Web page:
Unveiling the New FinCEN Requirement: Demystifying Beneficial Ownership Information

Discover the significance of the latest FinCEN mandate on Beneficial Ownership Information (BOI). Learn what it entails, why it’s crucial for businesses, and how to navigate compliance effectively in our comprehensive guide.

Introducing Beneficial Ownership Information: A New FinCEN Requirement for Businesses

If you’re a business owner or deeply involved in corporate operations, you may have recently encountered a significant development in compliance regulations: the new FINCEN requirement for Beneficial Ownership Information (BOI), effective as of January 1, 2024. This mandate demands that businesses disclose information about individuals who possess primary ownership or control over the company.

In essence, beneficial ownership identifies those individuals who hold significant ownership stakes or wield substantial influence over the decision-making processes within a company. Despite not being officially listed as shareholders or directors, these individuals play a pivotal role in shaping the company’s direction. Compliance with this requirement is crucial as it provides regulators, investors, and other stakeholders with essential transparency regarding the ownership structure of businesses.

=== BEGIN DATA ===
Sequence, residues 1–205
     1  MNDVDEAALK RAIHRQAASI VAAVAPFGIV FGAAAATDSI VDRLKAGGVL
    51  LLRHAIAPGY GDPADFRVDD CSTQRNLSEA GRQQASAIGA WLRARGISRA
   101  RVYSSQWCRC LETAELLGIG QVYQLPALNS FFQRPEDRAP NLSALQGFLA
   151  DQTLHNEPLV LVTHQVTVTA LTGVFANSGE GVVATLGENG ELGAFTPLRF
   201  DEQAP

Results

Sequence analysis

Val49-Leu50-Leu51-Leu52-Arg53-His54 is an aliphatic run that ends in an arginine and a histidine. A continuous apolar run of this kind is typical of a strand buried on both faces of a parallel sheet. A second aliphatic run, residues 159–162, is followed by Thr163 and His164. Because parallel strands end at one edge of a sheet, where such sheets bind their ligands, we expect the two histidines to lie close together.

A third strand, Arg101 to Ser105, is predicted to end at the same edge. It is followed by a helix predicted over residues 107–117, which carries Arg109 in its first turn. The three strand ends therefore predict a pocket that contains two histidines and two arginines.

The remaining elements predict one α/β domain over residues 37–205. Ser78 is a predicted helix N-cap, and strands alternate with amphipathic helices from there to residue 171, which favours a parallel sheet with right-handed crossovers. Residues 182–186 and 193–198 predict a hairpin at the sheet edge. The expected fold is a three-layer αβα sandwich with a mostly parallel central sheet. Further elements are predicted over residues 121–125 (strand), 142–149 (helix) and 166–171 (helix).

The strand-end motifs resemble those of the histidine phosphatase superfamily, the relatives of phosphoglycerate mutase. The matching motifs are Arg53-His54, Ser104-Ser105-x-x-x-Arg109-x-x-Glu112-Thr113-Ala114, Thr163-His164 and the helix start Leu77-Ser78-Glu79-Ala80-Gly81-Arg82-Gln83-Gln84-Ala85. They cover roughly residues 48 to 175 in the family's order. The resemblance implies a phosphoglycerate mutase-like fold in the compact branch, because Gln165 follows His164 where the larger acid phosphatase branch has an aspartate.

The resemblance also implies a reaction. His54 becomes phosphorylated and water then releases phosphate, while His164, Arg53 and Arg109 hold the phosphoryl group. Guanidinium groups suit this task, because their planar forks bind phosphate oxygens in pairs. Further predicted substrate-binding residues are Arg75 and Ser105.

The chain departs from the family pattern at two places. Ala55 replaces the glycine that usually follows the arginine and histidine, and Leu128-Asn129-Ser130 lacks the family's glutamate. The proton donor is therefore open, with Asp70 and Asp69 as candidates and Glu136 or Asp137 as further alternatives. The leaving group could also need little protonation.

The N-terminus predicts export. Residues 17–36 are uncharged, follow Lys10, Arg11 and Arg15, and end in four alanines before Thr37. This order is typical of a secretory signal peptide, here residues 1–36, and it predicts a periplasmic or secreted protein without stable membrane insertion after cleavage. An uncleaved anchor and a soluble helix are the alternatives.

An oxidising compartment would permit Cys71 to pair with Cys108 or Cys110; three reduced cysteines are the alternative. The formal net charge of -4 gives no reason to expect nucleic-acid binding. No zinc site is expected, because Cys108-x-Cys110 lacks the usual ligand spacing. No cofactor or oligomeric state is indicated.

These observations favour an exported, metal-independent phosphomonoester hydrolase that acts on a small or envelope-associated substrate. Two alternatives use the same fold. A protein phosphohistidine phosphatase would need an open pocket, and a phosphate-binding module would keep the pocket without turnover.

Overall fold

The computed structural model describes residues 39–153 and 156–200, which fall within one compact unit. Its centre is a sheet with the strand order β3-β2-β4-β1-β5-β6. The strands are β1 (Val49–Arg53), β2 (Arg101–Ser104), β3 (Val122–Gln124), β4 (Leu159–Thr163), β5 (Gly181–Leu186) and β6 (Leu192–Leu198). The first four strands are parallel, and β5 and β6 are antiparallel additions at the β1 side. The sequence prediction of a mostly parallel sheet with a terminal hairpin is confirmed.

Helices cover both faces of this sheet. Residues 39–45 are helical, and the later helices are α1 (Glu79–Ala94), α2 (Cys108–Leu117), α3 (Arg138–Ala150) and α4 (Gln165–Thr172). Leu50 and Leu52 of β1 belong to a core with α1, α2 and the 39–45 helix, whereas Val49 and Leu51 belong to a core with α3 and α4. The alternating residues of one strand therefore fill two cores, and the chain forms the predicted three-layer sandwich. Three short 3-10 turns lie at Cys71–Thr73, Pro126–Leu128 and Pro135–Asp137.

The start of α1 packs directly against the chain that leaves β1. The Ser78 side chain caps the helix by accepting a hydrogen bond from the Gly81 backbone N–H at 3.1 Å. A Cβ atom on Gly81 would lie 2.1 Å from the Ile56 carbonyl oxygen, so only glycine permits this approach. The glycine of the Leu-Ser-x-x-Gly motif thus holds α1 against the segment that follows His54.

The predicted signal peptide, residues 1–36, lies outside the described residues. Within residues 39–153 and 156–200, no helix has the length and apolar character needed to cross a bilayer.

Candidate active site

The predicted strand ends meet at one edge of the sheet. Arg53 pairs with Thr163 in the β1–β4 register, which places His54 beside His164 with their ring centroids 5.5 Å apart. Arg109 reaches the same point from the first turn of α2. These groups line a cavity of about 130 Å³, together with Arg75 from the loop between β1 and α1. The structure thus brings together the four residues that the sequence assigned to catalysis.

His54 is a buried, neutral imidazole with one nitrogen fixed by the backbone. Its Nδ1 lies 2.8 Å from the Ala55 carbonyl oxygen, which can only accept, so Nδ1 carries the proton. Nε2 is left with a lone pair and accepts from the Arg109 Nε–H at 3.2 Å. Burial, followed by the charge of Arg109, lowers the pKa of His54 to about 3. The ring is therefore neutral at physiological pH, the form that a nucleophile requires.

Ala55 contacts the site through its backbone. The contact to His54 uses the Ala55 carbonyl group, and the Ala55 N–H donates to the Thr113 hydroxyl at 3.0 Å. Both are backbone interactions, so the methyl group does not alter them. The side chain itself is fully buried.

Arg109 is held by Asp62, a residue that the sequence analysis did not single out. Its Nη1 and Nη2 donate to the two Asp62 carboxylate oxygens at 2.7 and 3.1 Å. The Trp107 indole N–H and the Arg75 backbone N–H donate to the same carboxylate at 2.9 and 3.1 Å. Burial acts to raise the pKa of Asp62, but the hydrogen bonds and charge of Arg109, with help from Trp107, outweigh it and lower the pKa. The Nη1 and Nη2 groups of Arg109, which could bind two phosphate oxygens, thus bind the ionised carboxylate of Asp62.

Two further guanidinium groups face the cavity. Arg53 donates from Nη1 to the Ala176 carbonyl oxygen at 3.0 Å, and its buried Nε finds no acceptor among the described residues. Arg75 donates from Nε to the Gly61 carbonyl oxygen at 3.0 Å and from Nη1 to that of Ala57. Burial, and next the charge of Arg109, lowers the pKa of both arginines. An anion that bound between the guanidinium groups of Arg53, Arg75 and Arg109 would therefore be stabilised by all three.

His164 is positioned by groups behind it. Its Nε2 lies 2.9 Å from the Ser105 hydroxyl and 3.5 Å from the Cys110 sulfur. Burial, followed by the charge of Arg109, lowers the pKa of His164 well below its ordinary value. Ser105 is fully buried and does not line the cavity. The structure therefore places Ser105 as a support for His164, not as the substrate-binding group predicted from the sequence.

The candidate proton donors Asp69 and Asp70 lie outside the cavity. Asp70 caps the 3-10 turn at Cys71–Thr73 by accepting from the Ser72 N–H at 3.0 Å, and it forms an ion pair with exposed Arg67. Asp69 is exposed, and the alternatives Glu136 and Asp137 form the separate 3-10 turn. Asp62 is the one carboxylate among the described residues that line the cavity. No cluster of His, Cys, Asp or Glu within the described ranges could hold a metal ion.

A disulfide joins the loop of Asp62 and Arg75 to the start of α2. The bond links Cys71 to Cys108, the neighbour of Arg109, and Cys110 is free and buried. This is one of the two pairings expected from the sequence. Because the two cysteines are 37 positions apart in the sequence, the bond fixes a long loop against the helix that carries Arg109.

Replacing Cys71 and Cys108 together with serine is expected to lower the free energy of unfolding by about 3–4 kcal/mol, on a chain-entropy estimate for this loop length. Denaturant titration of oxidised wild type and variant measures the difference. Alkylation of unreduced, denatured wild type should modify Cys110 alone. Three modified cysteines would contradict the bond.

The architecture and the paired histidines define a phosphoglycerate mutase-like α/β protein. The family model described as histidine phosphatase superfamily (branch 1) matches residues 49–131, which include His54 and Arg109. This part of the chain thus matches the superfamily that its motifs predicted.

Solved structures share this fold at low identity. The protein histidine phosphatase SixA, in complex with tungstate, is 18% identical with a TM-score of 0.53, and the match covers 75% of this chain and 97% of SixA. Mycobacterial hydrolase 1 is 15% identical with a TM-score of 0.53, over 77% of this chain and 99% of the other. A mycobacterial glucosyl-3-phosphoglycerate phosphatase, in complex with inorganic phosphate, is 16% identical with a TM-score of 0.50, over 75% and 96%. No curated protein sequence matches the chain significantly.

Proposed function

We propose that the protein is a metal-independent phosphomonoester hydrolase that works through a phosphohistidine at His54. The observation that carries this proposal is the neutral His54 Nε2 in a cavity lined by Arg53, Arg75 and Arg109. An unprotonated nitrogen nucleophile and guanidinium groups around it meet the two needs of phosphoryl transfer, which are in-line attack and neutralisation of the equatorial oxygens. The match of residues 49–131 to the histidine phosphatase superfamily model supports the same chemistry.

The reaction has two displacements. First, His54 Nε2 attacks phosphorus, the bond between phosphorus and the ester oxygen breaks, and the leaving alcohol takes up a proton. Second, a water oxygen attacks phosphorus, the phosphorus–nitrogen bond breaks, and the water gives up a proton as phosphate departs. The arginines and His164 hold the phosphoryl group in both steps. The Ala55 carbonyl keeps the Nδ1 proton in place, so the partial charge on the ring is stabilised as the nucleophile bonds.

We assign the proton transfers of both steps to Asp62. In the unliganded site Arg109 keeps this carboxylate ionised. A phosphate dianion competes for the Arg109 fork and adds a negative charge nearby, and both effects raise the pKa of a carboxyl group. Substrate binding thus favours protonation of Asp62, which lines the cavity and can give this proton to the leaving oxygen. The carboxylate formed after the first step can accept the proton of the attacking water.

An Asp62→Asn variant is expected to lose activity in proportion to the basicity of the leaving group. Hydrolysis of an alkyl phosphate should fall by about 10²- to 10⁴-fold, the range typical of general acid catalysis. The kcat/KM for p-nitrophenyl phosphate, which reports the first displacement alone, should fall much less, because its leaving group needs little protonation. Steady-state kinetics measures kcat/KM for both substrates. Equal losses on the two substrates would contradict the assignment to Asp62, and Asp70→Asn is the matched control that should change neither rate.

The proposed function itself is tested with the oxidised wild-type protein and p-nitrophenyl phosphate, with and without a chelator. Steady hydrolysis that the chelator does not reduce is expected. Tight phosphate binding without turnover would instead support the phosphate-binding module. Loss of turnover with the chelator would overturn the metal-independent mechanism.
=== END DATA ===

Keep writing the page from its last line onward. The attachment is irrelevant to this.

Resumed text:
Here, we offer a comprehensive guide to understanding Beneficial Ownership Information, aiding in navigating FinCEN regulations.

What Is A Beneficial Owner?

A beneficial owner refers to a person who ultimately owns or controls a business entity, even if their name does not appear on any official company records. The following are some examples of individuals who may be considered beneficial owners whether they are direct or indirect owners:

  • Shareholders with at least 25% ownership
  • Directors or executives with decision-making power
  • Individuals who have control over the company’s financial affairs, such as signing authority for bank accounts or tax returns
  • Persons who control a significant portion of voting rights or decision-making power
  • Individuals with indirect control through other entities or legal arrangements
  • Individuals with the authority to to appoint or dismiss specific officers or a majority of directors (or equivalent body) within the reporting company.

Not unlike legal ownership, which refers to the person or entity listed as the official owner of a business, beneficial ownership focuses on the true owners and controllers behind the scenes. For example, if a holding corporation owns a company, the individuals behind that holding corporation would be considered beneficial owners.

Why Should Beneficial Ownership Information Be Accurately Reported?

Providing precise beneficial ownership information (BOI) is crucial for maintaining transparency and meeting regulatory standards, reporting to the Financial Crimes Enforcement Network (FinCEN). FinCEN utilizes this data to identify and address potential risks such as money laundering, corruption, and terrorist financing.